HPV vaccines protect against a very common sexually transmitted virus called HPV or human papillomavirus. HPV infects at least 50% of sexually active people at some point in their lives. The virus often clears on its own. If it persists, it can lead to cervical, anal, and throat cancers and to genital warts.
One HPV vaccine, Gardasil, was licensed for use by the FDA in 2006. It is recommended as a routine vaccination for females aged 9-26 years old and for boys and men aged 11 to 21. It is a three-dose series.
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Another HPV vaccine, Cervarix, was licensed in 2009 for use in females aged 10-25.
Like all vaccines, these HPV vaccines are not foolproof. They do not protect against all of the 100-plus types of HPV. But both vaccines are nearly 100% effective in preventing disease caused by high-risk strains of HPV -- HPV 16 and 18 -- which together account for 70% of all cervical cancers, as well as many cancers of the vagina and vulva.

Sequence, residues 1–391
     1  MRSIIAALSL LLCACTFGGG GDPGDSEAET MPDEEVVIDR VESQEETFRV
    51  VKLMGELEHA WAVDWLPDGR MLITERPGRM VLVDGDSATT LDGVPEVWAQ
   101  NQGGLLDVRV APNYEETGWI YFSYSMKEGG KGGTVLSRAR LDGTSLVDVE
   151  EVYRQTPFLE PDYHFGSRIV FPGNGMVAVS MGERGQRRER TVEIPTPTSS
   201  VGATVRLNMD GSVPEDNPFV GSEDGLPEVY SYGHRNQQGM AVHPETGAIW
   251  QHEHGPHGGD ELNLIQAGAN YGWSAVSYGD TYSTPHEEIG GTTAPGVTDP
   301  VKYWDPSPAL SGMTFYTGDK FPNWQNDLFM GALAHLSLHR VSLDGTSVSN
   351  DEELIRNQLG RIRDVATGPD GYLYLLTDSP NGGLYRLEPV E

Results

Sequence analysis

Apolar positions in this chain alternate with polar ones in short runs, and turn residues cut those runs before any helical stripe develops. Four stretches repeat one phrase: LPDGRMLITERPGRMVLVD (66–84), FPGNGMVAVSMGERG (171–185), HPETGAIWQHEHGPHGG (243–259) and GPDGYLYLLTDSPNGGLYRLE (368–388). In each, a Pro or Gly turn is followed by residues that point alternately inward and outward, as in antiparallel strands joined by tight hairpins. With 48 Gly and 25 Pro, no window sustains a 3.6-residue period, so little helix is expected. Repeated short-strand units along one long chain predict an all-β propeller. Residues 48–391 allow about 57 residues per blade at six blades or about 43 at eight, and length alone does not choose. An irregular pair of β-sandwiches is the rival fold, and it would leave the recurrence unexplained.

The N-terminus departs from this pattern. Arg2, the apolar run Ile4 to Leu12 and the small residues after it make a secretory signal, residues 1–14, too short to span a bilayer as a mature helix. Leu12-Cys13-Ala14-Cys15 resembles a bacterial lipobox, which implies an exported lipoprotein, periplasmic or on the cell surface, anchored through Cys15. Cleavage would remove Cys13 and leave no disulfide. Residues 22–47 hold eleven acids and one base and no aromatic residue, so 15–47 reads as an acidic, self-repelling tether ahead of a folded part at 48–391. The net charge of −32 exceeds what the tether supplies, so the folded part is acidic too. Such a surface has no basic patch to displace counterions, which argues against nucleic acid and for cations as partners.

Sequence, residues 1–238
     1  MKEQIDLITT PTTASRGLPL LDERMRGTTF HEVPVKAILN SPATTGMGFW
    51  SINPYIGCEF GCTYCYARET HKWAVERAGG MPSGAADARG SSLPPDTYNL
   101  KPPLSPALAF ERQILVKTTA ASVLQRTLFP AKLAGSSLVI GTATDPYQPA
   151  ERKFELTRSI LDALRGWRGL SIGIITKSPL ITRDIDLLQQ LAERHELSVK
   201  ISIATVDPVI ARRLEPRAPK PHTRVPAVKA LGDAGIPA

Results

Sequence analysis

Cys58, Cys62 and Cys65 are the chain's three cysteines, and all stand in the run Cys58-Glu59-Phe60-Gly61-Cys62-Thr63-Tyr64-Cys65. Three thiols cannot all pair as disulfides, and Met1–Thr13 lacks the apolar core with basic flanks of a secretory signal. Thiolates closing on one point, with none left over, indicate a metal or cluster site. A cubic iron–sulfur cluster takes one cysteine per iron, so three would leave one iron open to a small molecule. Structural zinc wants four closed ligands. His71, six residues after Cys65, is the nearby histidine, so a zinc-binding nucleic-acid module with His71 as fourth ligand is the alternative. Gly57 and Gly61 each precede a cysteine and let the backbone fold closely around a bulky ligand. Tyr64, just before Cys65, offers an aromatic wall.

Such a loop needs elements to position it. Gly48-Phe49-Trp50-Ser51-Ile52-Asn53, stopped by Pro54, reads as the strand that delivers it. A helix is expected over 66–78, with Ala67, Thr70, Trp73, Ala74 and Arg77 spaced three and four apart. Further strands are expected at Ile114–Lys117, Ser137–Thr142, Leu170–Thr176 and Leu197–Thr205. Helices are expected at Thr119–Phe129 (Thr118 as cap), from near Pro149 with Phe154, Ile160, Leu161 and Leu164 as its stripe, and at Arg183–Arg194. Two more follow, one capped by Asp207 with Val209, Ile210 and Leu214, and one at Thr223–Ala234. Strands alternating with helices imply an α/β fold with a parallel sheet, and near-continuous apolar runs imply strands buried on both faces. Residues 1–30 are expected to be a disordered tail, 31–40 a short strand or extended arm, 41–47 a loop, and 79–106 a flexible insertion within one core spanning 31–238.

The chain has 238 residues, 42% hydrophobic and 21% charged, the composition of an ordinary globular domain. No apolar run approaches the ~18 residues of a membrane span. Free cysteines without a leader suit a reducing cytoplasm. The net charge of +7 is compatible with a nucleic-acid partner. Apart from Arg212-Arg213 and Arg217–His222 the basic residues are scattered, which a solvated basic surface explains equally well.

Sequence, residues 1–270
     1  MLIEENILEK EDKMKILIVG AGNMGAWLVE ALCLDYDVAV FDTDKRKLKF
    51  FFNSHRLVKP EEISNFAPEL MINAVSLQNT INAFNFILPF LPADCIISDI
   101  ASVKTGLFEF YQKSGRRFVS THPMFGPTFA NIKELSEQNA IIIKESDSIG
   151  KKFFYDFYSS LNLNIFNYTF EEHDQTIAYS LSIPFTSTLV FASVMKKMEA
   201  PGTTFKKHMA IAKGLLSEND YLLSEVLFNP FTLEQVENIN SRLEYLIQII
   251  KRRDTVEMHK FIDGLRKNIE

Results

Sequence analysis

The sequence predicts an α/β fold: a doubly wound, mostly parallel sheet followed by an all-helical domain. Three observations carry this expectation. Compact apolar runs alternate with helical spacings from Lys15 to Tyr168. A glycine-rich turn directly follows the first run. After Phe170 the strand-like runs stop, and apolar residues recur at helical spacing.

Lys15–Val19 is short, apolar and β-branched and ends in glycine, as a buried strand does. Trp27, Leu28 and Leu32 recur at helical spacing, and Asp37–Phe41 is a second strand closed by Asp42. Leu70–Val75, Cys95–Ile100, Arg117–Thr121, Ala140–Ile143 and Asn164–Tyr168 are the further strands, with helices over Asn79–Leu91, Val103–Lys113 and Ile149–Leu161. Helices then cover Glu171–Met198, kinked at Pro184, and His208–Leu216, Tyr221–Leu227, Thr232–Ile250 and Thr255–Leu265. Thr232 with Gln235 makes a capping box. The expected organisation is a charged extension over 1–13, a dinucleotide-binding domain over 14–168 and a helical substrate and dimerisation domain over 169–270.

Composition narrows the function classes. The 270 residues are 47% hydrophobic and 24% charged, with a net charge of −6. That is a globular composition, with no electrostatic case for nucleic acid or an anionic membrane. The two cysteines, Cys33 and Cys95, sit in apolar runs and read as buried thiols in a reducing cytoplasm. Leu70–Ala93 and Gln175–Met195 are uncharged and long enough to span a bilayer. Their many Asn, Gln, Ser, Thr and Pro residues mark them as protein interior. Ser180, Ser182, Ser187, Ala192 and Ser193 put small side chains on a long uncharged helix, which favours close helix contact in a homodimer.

Gardasil, the First HPV Vaccine
Gardasil, the HPV vaccine made by Merck & Co., was licensed for use in June 2006. It targets four types of HPV: 6, 11, 16 and 18. Types 16 and 18 lead to cervical cancer. HPV 6 and HPV 11 cause about 90% of genital warts.
The vaccine contains a virus-like particle but not the actual virus. Three doses are given over six months to females aged 9-26.
Gardasil costs $120 per dose. Insurance coverage is common within the recommended age ranges. The federal Vaccines for Children Program covers the vaccine for those under age 19 who qualify. No serious HPV vaccine side effects have been found, although fainting spells following injection have been reported in teens and young adults. Sometimes soreness occurs at the injection site. It should not be administered to pregnant women.